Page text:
The Straw Sandals Project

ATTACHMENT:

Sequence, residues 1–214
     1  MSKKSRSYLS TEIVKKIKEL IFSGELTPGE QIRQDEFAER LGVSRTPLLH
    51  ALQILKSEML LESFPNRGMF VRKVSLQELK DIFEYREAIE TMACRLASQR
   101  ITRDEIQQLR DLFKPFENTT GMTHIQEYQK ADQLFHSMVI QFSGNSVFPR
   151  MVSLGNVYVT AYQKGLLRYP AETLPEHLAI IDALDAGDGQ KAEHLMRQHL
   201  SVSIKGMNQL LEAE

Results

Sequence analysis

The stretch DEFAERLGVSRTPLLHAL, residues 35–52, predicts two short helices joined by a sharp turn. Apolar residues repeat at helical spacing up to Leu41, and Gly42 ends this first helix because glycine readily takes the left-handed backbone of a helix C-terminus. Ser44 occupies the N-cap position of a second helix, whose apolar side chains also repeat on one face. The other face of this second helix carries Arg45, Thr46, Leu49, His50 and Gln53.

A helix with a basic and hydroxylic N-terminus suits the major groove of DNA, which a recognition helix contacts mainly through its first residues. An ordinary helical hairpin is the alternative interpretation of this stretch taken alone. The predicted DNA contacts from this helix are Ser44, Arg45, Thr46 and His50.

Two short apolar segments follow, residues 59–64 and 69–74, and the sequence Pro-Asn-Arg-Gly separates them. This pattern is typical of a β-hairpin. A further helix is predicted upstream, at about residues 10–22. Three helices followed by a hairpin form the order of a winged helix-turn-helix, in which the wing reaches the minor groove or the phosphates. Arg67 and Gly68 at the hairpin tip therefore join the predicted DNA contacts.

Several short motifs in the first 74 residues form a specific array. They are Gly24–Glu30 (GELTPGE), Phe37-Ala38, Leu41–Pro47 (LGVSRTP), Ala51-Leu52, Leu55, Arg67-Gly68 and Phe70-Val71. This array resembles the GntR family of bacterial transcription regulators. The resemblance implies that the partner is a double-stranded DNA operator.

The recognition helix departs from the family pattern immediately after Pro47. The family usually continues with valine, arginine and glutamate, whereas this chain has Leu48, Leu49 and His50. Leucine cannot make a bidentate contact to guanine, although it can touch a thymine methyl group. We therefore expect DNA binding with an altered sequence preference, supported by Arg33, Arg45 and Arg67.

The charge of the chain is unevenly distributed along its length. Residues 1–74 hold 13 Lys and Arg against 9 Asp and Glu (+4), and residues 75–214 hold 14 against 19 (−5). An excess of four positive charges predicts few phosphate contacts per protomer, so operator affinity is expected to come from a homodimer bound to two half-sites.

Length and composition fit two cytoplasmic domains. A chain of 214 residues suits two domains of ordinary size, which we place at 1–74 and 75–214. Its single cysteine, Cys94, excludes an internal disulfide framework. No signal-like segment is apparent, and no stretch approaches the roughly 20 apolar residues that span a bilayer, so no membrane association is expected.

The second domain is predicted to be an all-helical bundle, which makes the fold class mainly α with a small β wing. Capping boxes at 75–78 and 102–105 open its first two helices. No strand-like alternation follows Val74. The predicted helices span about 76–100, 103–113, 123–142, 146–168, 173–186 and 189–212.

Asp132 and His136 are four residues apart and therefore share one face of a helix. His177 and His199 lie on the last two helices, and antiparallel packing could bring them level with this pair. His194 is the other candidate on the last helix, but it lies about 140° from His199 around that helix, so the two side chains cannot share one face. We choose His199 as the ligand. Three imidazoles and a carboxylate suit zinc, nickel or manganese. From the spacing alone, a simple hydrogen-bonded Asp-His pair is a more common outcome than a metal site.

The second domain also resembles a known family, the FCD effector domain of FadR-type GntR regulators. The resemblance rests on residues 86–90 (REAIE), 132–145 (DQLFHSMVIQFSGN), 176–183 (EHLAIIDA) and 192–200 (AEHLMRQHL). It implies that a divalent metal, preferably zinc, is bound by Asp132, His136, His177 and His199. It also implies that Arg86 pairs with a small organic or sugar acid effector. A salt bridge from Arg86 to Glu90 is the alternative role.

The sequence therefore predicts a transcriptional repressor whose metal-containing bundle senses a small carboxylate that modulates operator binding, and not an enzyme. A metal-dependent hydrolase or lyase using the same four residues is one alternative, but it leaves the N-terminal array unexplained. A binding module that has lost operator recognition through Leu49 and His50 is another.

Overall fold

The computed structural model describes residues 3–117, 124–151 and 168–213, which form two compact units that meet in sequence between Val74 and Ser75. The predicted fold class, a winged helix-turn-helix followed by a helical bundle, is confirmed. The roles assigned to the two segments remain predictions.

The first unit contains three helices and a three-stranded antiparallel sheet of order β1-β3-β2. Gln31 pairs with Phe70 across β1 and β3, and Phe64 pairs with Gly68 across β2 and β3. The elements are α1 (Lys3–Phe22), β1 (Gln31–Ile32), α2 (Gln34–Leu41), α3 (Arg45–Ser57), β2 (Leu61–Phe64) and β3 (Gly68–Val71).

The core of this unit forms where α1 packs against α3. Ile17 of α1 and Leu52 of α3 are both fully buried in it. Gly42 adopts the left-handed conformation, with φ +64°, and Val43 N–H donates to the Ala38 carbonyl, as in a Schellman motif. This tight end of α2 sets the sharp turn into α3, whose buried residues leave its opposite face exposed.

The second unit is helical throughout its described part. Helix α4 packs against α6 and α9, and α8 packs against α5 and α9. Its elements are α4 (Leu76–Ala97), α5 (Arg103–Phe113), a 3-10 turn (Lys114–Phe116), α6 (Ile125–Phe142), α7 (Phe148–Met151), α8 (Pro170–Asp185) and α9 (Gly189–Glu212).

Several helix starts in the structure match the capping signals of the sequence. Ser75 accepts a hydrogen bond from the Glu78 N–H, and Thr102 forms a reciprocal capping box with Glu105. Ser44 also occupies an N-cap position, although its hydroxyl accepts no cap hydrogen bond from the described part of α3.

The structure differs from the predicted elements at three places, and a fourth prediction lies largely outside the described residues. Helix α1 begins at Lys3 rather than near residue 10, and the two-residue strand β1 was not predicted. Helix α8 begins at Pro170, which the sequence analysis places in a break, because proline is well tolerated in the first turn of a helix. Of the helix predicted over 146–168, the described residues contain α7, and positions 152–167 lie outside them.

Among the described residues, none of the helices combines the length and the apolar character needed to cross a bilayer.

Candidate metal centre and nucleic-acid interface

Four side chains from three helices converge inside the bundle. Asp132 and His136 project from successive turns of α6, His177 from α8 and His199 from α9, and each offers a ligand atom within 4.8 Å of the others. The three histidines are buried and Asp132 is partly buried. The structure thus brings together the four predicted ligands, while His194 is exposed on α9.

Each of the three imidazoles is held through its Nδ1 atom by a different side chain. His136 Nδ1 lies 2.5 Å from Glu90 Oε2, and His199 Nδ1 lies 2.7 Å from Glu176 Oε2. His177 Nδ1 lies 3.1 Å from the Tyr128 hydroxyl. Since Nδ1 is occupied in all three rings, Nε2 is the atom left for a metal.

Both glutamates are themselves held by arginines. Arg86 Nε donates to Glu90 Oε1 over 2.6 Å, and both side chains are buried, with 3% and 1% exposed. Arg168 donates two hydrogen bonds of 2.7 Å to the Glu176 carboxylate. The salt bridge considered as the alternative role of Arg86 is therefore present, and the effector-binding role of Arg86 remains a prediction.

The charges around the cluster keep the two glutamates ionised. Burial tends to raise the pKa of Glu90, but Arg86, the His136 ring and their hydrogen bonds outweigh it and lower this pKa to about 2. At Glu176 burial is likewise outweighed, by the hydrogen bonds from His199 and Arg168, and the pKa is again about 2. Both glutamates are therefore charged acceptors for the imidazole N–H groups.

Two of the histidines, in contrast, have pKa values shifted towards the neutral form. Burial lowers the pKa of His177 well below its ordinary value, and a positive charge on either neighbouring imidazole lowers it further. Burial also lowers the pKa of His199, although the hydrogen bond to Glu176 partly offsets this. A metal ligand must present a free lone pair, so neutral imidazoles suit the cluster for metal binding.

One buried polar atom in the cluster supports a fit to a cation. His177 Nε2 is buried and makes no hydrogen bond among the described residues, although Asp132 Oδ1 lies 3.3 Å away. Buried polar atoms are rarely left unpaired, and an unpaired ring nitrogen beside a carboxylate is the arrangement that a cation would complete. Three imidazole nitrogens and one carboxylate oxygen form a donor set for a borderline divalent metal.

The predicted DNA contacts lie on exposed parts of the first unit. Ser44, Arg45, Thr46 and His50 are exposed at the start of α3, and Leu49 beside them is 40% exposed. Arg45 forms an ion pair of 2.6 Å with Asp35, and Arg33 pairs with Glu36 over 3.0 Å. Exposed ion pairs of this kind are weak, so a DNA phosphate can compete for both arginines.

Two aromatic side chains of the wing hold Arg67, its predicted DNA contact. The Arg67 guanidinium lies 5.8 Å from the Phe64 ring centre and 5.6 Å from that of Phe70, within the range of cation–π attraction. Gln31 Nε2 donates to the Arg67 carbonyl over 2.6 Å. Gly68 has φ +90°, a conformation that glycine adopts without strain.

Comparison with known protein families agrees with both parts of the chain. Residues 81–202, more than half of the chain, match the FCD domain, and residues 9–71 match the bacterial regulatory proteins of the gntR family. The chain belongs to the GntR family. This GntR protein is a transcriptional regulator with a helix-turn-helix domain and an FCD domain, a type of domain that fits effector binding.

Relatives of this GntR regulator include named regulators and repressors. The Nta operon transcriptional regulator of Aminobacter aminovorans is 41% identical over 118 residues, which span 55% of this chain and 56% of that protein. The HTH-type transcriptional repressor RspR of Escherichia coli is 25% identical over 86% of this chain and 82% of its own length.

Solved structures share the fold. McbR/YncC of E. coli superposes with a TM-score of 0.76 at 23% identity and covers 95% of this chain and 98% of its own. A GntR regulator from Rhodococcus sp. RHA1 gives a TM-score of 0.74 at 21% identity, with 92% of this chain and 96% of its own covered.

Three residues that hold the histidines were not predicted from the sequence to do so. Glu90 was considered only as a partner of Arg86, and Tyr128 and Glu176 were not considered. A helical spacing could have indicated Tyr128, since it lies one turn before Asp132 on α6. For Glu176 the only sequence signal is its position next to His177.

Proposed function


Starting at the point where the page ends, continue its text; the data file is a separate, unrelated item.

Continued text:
About ten years ago, Korean archaeologists exhumed the partially mummified remains of Eung-tae, a male member of an ancient clan.  The tomb was dated to the mid to late 1500s.  It contained articles of clothing and writings, including letters and poems. Hyung-eun Kim wrote a very interesting article about this family of mummies entitled “Korean Love Affair” for Archaeology magazine.  Of particular interest to the Straw Sandals Project was the discovery of a pair of sandals made of human hair in Eung-tae’s tomb.  They were wrapped in a paper package and placed by his head.  It is thought that his widow may have made them using her own hair.  Readers of the article will be rewarded with many details and images of this find.  It is stated in the article that Korean literature contains references to the practice of using human hair to craft shoes to symbolize love or hope for recovery from sickness.  These sandals, shown below on the left, are the first known examples.  The second image, shown below on the right, is from the Straw Sandals Collection.  I photographed item K1 from the same perspective as the image of the Korean hair sandals.  K1 are contemporary straw sandals that I purchased from a seller in South Korea.  They are the same style of sandal as the ancient hair sandals from Eung-tae’s tomb.  This then is an example of an old weaving design that has persisted into the present.  (Click on images to enlarge)